Quentin Tarantino, unchained

Mar 03, 2013, 09:24 IST | Team SMD

Hours before he went on stage to collect the Oscars for the best original screenplay, Sunday MiD DAY cornered the multi-talented Quentin Tarantino for a quick interview. And while he did not want to (understandably) answer any questions about the Academy Awards, he spoke freely on his experience of shooting Django Unchained. Excerpts:

How was the experience of shooting Django Unchained?
We shot mostly in New Orleans which is a great place to shoot. It was just fun to be there. You can’t beat the locations there. We shot in real plantations for Don Johnson and Leonardo DiCaprio’s characters. You could point the camera in any direction to get a great shot.

Your love for genre films, and especially Westerns, is evident in this movie.
I have been evoking Westerns in quite a few of my films including Kill Bill Vol. 2 and Inglorious Bastards in particular. I remember how my script supervisor Martin Kitrosser, (who has worked on every movie I have ever made), said when we did the opening sequence of Inglorious Bastards: “Quentin, this is your first Western!”

Oscar winner Quentin Tarantino on the sets of Django Unchained

Kerry Washington plays Django’s wife Broomhilda — whom he is trying to rescue from the clutches of a ruthless plantation owner — in the movie…
Kerry Washington is absolutely wonderful in the film. She is a beautiful actress and working with her is a dream come true. What’s funny is that while I was writing the character I already had the name of Broomhilda, and then during that time period Christoph (Waltz) invited me to a wonderful staging of Wagner’s Ring Cycle in Los Angeles. But, as I missed the first one, he took me out to dinner and explained the plot to me so I would know what I was stepping into. And as he was describing the story I started realising the parallels between Django and Siegfried’s adventures with Broomhilda! So, I didn’t go to see the third one because I didn’t want to know how it ended; but it seemed to have influenced me somehow by osmosis…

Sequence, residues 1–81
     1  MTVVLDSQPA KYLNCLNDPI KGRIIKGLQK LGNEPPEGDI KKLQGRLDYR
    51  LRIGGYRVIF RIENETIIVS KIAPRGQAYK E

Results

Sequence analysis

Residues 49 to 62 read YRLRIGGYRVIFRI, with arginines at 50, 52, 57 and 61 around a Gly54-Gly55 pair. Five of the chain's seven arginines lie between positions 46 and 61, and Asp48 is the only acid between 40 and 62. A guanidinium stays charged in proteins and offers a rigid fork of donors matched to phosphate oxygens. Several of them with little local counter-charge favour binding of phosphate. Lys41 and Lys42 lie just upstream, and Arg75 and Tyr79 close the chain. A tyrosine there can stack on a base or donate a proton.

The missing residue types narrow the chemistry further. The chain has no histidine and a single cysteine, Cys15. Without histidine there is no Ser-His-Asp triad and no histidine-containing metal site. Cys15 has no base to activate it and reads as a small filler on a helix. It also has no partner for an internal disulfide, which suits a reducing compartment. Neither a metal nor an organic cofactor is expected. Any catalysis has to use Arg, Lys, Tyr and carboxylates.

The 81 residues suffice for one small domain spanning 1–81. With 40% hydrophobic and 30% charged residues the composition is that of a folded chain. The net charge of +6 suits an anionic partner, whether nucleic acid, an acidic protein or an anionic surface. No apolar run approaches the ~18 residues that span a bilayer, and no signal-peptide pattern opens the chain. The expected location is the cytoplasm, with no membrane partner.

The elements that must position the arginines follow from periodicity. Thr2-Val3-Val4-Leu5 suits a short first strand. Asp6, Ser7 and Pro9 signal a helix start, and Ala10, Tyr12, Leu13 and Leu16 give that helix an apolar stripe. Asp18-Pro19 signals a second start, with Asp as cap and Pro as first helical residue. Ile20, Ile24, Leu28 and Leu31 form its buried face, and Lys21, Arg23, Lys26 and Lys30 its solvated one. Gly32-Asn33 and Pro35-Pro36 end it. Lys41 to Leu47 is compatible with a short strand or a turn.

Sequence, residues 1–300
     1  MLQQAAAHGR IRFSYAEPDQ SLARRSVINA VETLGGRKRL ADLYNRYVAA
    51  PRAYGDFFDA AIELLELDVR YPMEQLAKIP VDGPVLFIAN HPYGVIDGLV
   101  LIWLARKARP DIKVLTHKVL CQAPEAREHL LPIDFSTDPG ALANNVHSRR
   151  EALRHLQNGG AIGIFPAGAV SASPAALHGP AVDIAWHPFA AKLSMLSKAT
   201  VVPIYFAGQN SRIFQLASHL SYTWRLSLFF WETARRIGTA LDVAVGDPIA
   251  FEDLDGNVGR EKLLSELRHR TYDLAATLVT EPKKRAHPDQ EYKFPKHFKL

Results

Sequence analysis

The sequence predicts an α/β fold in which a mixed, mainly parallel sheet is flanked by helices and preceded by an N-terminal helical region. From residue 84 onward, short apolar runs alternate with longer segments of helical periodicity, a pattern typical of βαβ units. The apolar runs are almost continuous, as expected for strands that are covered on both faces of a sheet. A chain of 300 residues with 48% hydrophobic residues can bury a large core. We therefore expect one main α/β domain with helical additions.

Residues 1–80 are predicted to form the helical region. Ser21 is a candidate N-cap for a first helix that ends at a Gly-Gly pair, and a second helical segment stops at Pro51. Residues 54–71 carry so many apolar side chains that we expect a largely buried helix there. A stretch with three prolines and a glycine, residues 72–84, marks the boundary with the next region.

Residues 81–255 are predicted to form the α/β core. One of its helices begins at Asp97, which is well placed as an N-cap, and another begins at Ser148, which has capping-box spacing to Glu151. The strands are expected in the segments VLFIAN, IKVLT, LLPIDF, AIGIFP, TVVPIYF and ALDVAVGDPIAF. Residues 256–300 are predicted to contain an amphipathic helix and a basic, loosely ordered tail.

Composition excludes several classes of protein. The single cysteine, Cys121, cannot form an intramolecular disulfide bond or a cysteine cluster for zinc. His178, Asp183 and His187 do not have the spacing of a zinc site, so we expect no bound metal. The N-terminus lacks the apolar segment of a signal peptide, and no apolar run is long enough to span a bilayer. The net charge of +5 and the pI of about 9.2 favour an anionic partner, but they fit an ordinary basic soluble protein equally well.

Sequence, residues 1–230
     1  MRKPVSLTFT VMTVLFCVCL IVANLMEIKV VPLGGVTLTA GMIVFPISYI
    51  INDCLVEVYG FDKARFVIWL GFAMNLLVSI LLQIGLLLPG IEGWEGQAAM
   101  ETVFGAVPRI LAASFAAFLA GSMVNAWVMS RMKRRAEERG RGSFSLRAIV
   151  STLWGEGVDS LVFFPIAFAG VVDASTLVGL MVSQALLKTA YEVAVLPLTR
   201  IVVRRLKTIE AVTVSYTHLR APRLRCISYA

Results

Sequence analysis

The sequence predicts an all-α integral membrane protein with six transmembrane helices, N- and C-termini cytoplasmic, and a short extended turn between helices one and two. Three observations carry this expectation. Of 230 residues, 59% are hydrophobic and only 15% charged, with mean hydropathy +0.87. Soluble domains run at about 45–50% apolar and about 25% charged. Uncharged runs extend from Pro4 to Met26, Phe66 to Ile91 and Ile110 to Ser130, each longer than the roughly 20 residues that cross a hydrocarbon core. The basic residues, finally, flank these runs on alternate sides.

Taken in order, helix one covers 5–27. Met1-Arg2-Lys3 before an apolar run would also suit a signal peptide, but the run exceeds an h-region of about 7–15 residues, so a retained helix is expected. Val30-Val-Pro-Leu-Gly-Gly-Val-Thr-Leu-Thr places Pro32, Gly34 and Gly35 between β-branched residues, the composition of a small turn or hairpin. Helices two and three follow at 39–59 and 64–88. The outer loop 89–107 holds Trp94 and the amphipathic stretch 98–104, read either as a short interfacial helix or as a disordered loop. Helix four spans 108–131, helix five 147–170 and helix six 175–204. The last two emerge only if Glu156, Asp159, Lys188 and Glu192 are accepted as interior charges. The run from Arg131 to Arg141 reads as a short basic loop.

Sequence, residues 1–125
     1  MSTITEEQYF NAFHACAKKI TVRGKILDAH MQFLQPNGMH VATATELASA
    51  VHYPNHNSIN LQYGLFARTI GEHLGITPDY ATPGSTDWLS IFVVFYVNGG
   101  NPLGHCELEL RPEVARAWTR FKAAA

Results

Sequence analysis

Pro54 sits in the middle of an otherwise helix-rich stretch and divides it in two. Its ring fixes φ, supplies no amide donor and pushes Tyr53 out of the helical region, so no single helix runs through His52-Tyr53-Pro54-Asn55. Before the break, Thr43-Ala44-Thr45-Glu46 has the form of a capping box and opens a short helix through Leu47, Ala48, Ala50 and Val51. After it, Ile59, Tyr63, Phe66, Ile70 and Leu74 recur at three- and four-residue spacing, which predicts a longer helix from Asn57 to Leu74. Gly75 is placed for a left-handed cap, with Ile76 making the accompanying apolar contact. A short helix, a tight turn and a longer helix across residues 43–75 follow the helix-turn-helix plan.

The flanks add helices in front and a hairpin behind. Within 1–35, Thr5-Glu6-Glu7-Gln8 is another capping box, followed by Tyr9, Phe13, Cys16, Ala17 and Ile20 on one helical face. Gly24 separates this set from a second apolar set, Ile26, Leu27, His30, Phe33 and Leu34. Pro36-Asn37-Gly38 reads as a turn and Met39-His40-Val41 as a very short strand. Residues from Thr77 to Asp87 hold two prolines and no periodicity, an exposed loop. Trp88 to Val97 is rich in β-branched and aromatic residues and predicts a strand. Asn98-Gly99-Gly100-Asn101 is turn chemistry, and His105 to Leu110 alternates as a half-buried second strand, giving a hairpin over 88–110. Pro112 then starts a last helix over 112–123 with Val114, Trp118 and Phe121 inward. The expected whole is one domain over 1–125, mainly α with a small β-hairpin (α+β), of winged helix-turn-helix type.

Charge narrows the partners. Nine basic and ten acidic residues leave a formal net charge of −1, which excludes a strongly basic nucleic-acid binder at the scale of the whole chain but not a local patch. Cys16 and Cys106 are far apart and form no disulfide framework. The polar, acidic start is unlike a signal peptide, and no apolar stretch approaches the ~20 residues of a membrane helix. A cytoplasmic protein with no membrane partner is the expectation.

And what can you say of the importance of the supporting cast in this film?
In a lot of my movies supporting characters will come in and become stars for that time they are on. They kind of take it over for a moment. I am as happy with this ensemble as with any I have ever come up with. And, because of the genre and the film, they are just really out there!

What does the name Django evoke for you?
It’s the ultimate Spaghetti Western hero character name. I immediately go to the Franco Nero’s Django, but I also loved a lot of the rip-offs.

And Nero is in this movie!
Yes, and initially his character didn’t really seem like much on the page; but then we built it up, and he is terrific in it. There is a really great moment in which the two Djangos meet each other! A little improvising has gone on during the shoot, but not much.

Have you ever considered becoming a novelist?
Maybe I’ll do that when I’m 60 and just be a ‘man of letters’.

Do you enjoy shooting the action sequences?

I love shooting action scenes. It’s always the most invigorating part about a shoot for me. Just piecing them together is fun.

What is the music of Django Unchained like?
There is a lot of Spaghetti Western sound. And, as usual, I have used stuff from my record collection. 

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